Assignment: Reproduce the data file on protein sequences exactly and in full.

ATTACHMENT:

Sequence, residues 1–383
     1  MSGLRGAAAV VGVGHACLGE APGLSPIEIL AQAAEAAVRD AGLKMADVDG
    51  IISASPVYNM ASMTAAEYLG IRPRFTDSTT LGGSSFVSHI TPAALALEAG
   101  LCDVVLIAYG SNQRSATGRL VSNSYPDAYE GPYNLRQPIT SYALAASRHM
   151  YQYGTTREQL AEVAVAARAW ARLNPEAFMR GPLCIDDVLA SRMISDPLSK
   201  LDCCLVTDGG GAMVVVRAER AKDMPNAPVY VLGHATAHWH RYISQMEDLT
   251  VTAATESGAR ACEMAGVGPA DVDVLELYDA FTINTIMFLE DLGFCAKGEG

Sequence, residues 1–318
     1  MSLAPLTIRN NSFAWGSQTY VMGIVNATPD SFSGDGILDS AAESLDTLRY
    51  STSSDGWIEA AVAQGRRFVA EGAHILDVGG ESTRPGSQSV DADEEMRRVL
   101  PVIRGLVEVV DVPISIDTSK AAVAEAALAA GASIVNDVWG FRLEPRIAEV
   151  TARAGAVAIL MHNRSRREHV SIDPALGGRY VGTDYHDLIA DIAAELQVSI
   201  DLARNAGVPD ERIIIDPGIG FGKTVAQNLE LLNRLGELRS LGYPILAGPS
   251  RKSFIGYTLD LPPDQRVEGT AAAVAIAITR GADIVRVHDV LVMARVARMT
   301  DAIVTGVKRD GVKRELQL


Sequence, residues 1–383
     1  MSGLRGAAAV VGVGHACLGE APGLSPIEIL AQAAEAAVRD AGLKMADVDG
    51  IISASPVYNM ASMTAAEYLG IRPRFTDSTT LGGSSFVSHI TPAALALEAG
   101  LCDVVLIAYG SNQRSATGRL VSNSYPDAYE GPYNLRQPIT SYALAASRHM
   151  YQYGTTREQL AEVAVAARAW ARLNPEAFMR GPLCIDDVLA SRMISDPLSK
   201  LDCCLVTDGG GAMVVVRAER AKDMPNAPVY VLGHATAHWH RYISQMEDLT
   251  VTAATESGAR ACEMAGVGPA DVDVLELYDA FTINTIMFLE DLGFCAKGEG

Sequence, residues 1–318
     1  MSLAPLTIRN NSFAWGSQTY VMGIVNATPD SFSGDGILDS AAESLDTLRY
    51  STSSDGWIEA AVAQGRRFVA EGAHILDVGG ESTRPGSQSV DADEEMRRVL
   101  PVIRGLVEVV DVPISIDTSK AAVAEAALAA GASIVNDVWG FRLEPRIAEV
   151  TARAGAVAIL MHNRSRREHV SIDPALGGRY VGTDYHDLIA DIAAELQVSI
   201  DLARNAGVPD ERIIIDPGIG FGKTVAQNLE LLNRLGELRS LGYPILAGPS
   251  RKSFIGYTLD LPPDQRVEGT AAAVAIAITR GADIVRVHDV LVMARVARMT
   301  DAIVTGVKRD GVKRELQL